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The Origins Of “Sweet Caroline” By Neil Diamond

Music | December 9, 2021

Diamond was already on the rise when "Sweet Caroline" debut but it helped his ascendance. smoothradio

“Sweet Caroline” by Neil Diamond combined some unexpected ingredients: the Kennedys, baseball, and an ex-wife on its way to becoming a beloved song by millions. Released in 1969, the good vibrations, go-to karaoke banger rose to #4 on Billboard's Hot 100. However, the ubiquitous love for the feel-good hit really rose to prominence, thanks to the Boston Red Sox and the superstitions of one of their employees.

Ironically, Diamond himself quickly scribbled the song in a Memphis hotel just to fill the standard three-song quota for studio time. thanks to Diamond’s masterful manipulation of the media. So who was this “Sweet Caroline” and how did it become the anthem for Sox fans across the country? Read on to find out.

Diamond with his wife, the supposed original inspiration for the song. getty

Take One

When Diamond first started receiving questions about the origins of “Sweet Caroline” he told the “Today” show, “I was writing a song in Memphis, Tennessee, for a session. I needed a three-syllable name. The song was about my wife at the time — her name was Marsha — and I couldn’t get a ‘Marsha’ rhyme.”

Undoubtedly, Diamond never expected to be belting out "Sweet Caroline" into his golden years. youtube

An Unlikely Hit

Apparently, Diamond wrote the song under the gun, needing a third song to fill a three-hour recording session the very next day. That’s probably why Diamond also said of the song, "I think there's a little bit of God in that song. I always have felt that. There's no accounting for what can happen to a song."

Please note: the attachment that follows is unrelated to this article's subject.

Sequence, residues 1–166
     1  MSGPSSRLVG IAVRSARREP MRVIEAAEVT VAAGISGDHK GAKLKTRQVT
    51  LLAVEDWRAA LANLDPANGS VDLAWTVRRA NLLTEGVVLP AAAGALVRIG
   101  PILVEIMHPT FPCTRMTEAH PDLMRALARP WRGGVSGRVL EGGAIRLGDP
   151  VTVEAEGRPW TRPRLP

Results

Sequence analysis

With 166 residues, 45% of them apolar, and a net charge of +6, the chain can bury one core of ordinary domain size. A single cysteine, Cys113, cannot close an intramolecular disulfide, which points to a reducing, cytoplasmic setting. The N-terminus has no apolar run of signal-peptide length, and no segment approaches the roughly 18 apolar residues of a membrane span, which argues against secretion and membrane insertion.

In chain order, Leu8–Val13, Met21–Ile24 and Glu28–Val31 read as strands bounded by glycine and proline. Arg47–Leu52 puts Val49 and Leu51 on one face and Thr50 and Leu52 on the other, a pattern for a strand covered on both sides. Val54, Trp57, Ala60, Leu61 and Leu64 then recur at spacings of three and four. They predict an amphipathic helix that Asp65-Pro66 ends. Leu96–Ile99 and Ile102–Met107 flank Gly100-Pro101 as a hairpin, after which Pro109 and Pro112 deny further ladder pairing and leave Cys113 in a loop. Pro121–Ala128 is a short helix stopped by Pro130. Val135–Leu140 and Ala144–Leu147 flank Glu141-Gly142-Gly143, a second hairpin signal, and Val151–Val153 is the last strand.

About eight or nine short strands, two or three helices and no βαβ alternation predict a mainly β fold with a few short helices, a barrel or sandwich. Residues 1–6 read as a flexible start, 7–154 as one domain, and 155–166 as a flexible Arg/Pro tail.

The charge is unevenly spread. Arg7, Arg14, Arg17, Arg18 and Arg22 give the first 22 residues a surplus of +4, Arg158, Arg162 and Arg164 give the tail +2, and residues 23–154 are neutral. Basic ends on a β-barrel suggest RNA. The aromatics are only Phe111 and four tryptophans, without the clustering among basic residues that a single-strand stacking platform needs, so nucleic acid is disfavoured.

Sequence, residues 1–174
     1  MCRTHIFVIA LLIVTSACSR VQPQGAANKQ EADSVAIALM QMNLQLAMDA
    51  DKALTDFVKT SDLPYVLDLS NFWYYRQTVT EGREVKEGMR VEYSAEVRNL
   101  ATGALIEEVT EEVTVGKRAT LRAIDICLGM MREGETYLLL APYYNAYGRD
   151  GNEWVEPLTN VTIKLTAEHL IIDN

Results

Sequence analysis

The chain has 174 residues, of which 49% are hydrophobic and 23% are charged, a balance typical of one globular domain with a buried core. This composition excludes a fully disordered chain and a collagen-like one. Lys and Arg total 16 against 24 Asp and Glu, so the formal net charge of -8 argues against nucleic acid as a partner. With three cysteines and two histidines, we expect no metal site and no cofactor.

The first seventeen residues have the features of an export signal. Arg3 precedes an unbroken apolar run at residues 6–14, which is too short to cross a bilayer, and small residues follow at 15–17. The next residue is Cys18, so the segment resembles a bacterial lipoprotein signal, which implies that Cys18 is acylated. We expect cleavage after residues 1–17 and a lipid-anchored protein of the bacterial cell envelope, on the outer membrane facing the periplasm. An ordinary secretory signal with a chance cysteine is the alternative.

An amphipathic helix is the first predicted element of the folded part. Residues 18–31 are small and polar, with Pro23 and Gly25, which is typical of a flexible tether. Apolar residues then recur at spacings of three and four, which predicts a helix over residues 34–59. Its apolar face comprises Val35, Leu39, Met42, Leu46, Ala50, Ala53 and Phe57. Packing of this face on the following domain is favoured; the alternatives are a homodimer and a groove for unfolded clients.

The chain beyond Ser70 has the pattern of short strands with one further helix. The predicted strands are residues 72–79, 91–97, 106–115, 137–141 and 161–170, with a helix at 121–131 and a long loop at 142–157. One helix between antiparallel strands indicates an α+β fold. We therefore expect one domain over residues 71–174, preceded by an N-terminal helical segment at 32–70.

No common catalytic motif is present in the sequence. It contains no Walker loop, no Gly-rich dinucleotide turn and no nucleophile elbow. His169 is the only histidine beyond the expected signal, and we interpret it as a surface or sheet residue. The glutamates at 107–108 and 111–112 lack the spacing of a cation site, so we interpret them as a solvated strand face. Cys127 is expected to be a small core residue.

Reportedly, the college procrastination provenance did not inspire much confidence. Bass player Tommy Cogbill recalled, "Neil didn't like the song at all. I actually remember him not liking it and not wanting it to be a single."

Diamond kept the true inspiration for "Sweet Caroline a secret for years." doyouremember

A Change Of Story

However, in 2007 Diamond changed his tune on the inspiration for “Sweet Caroline.” While performing the song for Caroline Kennedy’s 50th birthday party Diamond revealed, "I've never discussed it with anybody before - intentionally. I thought maybe I would tell Caroline when I met her someday. I'm happy to have gotten it off my chest and to have expressed it to Caroline. I thought she might be embarrassed, but she seemed to be struck by it and really, really happy."

Diamond admitted, "It was a picture of a little girl dressed to the nines in her riding gear, next to her pony. It was such an innocent, wonderful picture, I immediately felt there was a song in there."

The Red Sox played no small role in reviving "Sweet Caroline." youtube

A Boston Resurgence

While the song did very well in the decade, Boston White Sox musical maestro, Amy Tobey, started fitting it in during the later innings thanks to her own superstitions. "I actually considered it like a good luck charm," Tobey told The Boston Globe in 2005. "Even if they were just one run [ahead], I might still do it. It was just a feel."

New management liked the song so much they asked her to replace the traditional "Take Me Out to the Ball Game” with “Sweet Caroline” in 2002. Right on cue, a team that suffered from endless heartbreak started rattling off World Series Titles one after the other.

Diamond and the country rallied around Boston after the bombing. mlb

A Triumph Over Tragedy

In 2013, after the Boston Marathon bombing, Diamond himself went to Bean Town to perform in the wake of the attack. As he announced to an emotional Fenway crowd, "What an honor it is for me to be here today. I bring love from the whole country," before belting the iconic tune with nearly 38,000 Bostonians. Downloads of the song increased by almost 600% after that and Diamond announced he would donate all the proceeds to the One Fund Boston.

Tags: Neil Diamond | Sweet Caroline

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Kellar Ellsworth


Kellar Ellsworth was born and raised in Hawaii. He is an avid traveler, surfer and lover of NBA basketball. He wishes he could have grown up in the free love era!